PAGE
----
Golden rays set on the verdant canopy of the Amazon--a sea of green stretching across the horizon. But it is a beautiful scene that is increasingly under threat. Deforestation, mining, and agriculture destroy over 78 million acres of forest each year. Although the most destructive and the most visible, they are not the only threats to nature's remaining sanctuaries. Tourism, the product of Western consumerism and Western capitalism, just as hungrily consumes the wildlife that sustains it.
A concept growing out of the environmental movement during the 1980s, ecotourism rapidly rose to the fore of the sustainable development debate. By minimizing the environmental and cultural impacts of tourism and reinvesting tourism dollars into the local community, it appeared to be a panacea to developing countries' ills. Each ecotourism development seeks to accomplish two basic goals: to alter the relationship between local peoples and their natural resources and to simultaneously improve the socioeconomic well being of those local people. To accomplish both goals, ecotourism must alter the relationship between local peoples and their natural resources. In traditional economic development, resource extraction and use provides the fastest--and most widely utilized--approach to improving the socio-economic welfare of a people. In ecotourism, that relationship is reversed, with preservation of natural resources providing an effective avenue for development, making the opening of a sustainable hotel within a nature reserve more financially advantageous than leasing land to a lumber company.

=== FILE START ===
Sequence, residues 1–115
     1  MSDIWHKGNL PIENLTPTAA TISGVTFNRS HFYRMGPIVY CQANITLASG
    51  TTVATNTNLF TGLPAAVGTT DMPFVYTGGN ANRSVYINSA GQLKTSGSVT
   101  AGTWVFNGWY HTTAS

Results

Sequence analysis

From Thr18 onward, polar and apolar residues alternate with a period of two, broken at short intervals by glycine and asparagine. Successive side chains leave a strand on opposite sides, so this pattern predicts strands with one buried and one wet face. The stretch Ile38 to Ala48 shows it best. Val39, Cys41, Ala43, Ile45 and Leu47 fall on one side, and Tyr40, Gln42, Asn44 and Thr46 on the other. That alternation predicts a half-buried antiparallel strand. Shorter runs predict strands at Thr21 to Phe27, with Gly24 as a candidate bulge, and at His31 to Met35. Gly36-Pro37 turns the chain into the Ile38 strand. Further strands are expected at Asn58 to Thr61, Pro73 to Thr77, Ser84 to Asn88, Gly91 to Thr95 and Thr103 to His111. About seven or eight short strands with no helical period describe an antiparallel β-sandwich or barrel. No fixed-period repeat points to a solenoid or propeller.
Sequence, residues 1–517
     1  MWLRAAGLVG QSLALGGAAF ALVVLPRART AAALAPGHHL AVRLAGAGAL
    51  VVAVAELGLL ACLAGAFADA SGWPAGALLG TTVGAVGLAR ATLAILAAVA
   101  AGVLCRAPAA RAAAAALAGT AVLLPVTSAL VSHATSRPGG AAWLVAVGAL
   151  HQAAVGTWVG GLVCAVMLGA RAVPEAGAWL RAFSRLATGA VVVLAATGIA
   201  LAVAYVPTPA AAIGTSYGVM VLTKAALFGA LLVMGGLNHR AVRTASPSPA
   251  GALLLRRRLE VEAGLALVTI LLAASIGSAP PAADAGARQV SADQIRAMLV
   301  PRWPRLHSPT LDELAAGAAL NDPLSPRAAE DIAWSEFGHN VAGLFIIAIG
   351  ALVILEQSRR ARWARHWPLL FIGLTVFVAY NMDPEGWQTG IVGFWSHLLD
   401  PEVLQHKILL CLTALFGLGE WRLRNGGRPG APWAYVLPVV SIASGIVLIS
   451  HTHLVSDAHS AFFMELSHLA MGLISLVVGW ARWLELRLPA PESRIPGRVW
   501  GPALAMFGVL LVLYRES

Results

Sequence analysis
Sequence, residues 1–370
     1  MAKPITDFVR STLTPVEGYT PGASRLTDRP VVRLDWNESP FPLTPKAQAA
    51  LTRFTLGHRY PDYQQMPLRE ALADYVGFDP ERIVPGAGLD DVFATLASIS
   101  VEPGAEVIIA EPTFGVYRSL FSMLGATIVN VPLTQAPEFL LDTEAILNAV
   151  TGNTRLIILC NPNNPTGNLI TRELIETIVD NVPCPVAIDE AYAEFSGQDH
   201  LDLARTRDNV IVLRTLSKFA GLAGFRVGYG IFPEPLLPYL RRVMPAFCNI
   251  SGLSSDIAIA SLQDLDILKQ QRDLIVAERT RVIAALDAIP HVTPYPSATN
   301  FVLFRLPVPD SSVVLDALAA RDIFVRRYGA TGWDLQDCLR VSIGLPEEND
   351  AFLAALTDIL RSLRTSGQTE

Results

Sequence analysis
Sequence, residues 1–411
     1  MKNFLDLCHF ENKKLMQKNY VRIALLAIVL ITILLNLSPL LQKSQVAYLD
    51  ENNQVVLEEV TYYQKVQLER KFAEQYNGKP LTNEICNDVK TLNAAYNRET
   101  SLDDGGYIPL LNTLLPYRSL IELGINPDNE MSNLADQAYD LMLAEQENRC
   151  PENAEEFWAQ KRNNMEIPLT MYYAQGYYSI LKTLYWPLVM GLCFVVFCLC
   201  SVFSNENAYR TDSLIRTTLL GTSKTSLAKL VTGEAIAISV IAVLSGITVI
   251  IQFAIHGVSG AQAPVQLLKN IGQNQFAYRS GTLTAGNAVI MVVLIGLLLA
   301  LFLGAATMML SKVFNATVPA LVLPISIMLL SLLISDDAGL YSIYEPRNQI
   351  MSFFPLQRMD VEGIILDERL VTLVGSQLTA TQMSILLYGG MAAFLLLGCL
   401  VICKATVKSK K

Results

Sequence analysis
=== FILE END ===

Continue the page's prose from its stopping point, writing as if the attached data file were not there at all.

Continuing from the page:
When managed correctly, ecotourism works. Rainforest Expeditions, a for-profit company dedicated to conservation, leads the way for sustainable business. By sharing both management and 60 percent of the profits with the local Ese-eja people of the inner Amazon, the company carved out a consistent source of dedicated labor and a consistent profit margin. As the money flowed in, the local community's socioeconomic status experienced a rapid transformation. Literacy rates skyrocketed, health improved, economic output increased--all while maintaining the environmental and cultural integrity of the local people.
Success stories like that of Rainforest Expeditions are no stranger to the conservation community. Each year, thousands of enterprising, socially conscious companies seek to make a profit through responsible capitalism, making ecotourism the most rapidly growing sector of the tourism industry. But outside appearances are often misleading. Ecotourism carries significant hidden costs for both the environment and the indigenous peoples it claims to protect. The industry's rapid growth challenges policy makers to standardize the industry and control the hordes of tourists tramping through wilderness reserves. The West's demand for "eco-friendly" products, hotels and tour companies promotes the rampant spread of capitalism, often threatening the survival of local culture. …